the under-30 age category. She added that, "A brand not recruiting teens or young adults is just getting old." Over the last six years, Chanel has gradually made inroads into the younger consumer market. In 1996, the company introduced Allure, marketed to women in their late 20s and 30s. Coco Mademoiselle soon followed, and its target market was women 25 and up. "So, it's not something that, you know, we just woke up one day and said `Oh, uh-oh, No. 5 customers are aging, we better go find a younger consumer,'" said Laurie Palma, senior vice president for fragrance and Internet marketing at Chanel Inc. in New York. But neither Allure nor Coco Mademoiselle have made great inroads into the 18 to 34 market, which represents a third of the US$2 billion women's fragrance market. According to a 2001 Women's Fragrance Track Consumer Study by NPD BeautyTrends in Port Washington, New York, which tracks the beauty industry, the leading brands owned and used most often by women 18-to-34 years old include: Happy by Clinique, which had overall sales of US$101 million in 2001; Romance by Ralph Lauren, at US$63 million; Tommy Girl by Tommy Hilfiger, at US$42 million; Victoria's Secret Divine (which is not tracked by NPD, but has annual sales estimated at US$40 million); Lancaster Cool Water Woman at US$30 million; Calvin Klein's Obsession at US$27 million; and CK One at US$20 million. Arie L. Kopelman, president and chief operating officer at Chanel Inc, the US unit of the French couture house Chanel, is confident that Chance will be among the top tier of this group. He predicts that "in the short term," Chance will be "as big as Chanel No. 5." Domestic sales for No. 5 were US$50 million in 2001, putting it in sixth place among all fragrances, according to NPD. Chanel has given Chance a light, fresh, floral scent, which Palma said is meant to convey a youthful, sexy and romantic
attitude. To differentiate it from all other square-shaped Chanel fragrances that are packaged in black and white or beige, the Chance bottle is circular and packaged in pink. The scent, with an entry price point of US$38.50, will be available in domestic department stores later this month and in other countries next spring. The ads, created by an in-house team and photographed by Jean-Paul Goude, also try to differentiate Chance from some of the other successful fragrances geared to 20-somethings. The print ad features a 16-year-old Russian model, Anne Vyalitsyna, dressed in a gown, clinging to the enormous bottle, embracing "her chance." The tag line reads, "The unexpected new Chanel fragrance." "I don't think Chanel in bluejeans would be interesting," Palma said. "That's Tommy or Ralph, which they have already." The television commercial, shot in Venice, Italy, is set to the tune "Taking a Chance on Love" and shows a young couple doing just that. Chance will also have a major Internet program within the Chanel Web site, scented impressions in magazines and extensive sampling efforts, including rollerball mini-bottles in targeted areas like college campuses. "We have tried to make Chance modern and young and do all the things that we needed to do for this generation, but still keep it grounded, rooted in what Chanel is all about." He added, "And you can have your cake and eat it in this situation. They are not mutually exclusive." The marketing effort could turn off some of Chanel's core audience, warned Clive Chajet, a corporate identity and brand consultant. If Chance is for the young, then "all other Chanel fragrances are for older women only. And if you're not using their younger fragrance, then you're old." But, in the end, Zandl said, "It's all about the juice. The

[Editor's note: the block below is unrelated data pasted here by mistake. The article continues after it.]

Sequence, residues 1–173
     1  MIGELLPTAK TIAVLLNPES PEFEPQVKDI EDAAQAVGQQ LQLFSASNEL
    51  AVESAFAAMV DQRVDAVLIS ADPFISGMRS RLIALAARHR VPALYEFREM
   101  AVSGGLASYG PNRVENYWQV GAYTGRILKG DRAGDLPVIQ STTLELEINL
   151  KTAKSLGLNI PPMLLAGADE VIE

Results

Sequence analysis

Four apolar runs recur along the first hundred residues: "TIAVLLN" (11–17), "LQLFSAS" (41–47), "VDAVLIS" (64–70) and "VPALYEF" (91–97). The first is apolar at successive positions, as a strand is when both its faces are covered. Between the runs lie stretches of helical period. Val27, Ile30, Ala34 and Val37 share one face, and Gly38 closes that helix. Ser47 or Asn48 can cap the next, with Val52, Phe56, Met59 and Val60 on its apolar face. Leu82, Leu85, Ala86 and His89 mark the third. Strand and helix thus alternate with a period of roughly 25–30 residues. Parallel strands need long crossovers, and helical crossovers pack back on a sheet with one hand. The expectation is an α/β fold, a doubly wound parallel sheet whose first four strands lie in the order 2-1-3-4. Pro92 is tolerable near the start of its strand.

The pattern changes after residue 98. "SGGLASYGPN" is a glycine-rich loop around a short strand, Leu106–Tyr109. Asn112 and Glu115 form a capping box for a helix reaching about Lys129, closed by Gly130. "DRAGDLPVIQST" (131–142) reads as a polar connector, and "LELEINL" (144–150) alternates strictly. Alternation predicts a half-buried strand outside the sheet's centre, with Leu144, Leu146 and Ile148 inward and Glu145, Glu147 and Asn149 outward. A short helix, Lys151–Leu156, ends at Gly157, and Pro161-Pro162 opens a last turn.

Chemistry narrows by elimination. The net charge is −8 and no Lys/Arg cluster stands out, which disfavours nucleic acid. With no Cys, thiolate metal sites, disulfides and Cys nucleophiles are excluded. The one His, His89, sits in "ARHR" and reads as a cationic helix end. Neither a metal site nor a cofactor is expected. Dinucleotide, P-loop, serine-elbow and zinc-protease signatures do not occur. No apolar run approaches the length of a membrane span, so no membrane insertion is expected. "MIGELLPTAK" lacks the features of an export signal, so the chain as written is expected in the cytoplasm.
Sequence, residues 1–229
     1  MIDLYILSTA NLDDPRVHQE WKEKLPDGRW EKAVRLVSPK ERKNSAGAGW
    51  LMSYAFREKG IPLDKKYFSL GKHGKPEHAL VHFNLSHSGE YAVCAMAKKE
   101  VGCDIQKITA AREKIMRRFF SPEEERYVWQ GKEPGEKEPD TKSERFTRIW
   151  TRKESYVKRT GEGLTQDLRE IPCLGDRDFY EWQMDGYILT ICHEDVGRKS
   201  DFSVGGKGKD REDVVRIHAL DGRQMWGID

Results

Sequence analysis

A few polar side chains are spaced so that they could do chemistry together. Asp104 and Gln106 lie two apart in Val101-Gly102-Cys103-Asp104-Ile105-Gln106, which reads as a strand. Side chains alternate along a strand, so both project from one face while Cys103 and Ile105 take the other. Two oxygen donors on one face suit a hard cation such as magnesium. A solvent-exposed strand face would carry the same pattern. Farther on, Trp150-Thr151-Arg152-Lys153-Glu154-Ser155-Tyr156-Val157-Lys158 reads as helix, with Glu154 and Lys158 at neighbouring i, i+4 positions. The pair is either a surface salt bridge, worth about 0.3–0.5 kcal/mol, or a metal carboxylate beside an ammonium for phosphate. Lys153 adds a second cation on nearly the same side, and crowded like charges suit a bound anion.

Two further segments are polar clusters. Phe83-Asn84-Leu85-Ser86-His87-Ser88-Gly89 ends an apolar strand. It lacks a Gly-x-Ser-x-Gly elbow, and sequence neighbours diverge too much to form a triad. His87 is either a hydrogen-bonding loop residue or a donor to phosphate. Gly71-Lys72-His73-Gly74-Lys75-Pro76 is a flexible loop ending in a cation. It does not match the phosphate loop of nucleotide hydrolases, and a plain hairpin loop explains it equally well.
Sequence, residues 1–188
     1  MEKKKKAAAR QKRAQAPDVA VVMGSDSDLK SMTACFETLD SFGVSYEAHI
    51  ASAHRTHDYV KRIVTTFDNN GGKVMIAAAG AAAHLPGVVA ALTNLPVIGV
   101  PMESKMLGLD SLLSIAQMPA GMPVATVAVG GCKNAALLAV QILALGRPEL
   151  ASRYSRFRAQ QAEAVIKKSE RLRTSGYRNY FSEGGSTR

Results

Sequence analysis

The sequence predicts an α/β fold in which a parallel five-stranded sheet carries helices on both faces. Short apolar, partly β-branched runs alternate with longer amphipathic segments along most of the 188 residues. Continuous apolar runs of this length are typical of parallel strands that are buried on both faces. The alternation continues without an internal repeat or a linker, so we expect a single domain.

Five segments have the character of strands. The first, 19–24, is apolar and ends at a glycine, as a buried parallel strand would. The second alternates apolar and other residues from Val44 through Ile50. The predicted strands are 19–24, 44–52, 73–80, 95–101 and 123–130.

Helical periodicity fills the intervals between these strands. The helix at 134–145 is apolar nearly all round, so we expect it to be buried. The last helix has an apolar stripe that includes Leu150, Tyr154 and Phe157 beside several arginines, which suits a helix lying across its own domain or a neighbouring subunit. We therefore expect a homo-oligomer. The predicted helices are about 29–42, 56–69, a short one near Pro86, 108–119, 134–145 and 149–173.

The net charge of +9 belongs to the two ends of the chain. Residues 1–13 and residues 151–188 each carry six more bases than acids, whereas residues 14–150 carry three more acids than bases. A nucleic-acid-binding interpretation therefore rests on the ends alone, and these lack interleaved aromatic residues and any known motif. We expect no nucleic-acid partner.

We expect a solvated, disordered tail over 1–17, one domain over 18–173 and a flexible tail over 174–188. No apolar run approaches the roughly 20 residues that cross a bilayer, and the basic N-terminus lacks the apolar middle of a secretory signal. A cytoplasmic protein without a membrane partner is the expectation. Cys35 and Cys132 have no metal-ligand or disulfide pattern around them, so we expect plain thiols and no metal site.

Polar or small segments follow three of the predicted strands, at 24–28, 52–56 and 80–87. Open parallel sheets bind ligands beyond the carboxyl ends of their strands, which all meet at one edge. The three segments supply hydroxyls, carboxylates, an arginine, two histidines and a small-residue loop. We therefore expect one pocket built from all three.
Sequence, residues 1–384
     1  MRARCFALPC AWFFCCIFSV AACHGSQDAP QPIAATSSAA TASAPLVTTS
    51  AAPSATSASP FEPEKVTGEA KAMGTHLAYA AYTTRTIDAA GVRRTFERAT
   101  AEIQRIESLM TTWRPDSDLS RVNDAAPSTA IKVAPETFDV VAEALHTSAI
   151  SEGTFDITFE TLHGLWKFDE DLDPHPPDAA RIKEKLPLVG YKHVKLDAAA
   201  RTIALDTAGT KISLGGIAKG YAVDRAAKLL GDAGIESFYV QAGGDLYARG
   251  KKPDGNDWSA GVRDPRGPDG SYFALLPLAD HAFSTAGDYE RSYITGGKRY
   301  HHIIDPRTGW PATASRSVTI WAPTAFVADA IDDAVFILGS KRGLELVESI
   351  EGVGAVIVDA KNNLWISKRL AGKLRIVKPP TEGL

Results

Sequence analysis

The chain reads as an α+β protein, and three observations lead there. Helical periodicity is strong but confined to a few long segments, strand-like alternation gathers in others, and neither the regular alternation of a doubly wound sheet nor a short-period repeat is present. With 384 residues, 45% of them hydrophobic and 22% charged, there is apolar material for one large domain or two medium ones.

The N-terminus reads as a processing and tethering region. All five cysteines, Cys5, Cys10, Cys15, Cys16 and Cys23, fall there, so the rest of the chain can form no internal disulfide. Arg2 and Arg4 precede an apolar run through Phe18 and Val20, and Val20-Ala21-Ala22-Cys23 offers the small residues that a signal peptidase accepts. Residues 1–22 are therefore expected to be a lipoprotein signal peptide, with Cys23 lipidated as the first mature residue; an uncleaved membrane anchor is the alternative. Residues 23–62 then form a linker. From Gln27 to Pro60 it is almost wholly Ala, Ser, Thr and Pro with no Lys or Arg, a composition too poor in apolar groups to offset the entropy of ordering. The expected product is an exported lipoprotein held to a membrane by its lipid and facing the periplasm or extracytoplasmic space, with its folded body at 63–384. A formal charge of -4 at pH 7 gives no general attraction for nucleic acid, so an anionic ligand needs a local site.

advertising can bring them to the fragrance bar where they're going to test it, but then it's the juice itself is what makes the sale." Published on Taipei Times : http://www.taipeitimes.com/News/worldbiz/archives/2002/08/19/0000 164816 Copyright © 1999-2014 The Taipei Times. All rights reserved.
1908- Gabrielle “Coco” Chanel open first millenary shop. 1913- Opens name sake boutique in Deauville France. 1914- Wool jersey sweaters and camisole dress make first appearance. 1917- Two Pieces Chanel suite is introduced. 1919- Chanel is registered as official couturière 1921- Chanel No. 5 is introduced
History Time Line
Historical Time Line cont. 1933- Camellia motif as we know it is introduced. 1939-House of Chanel closes it’s doors due to war
time. 1954- House of Chanel reopens it’s doors 1971- Coco Chanel passes away in January 1983- Karl Lagerfeld becomes head designer
The Early Years Chanel’s mother died when she was 6 years old
leaving her father to care for her and her 5 siblings. Chanel grew up living in an orphanage where the nuns taught her to sew. The name Coco came her brief stint as a club performer.
Coco’s Rise to Success First millinery shop opens with great success. Shops soon open in Deauville and Biarritz. First apparel success with wool jersey sweater and
chemise dress. 1917 -The two piece Chanel Suit is born. 1926- The little black dress is born
Innovation and Signature Pieces Working with Jersey and an everyday material The weighted hem Merging men and women’s fashion The Chanel Suite The “little black dress” Chanel Tweed
Misc. Information Chanel No. 5 and other Chanel perfumes make the
biggest profit. Karl Lagerfeld became lead designer in 1983 reinventing the brand. The style of Chanel surpasses age barriers. Chanel hired an outside company to help target customers under 30.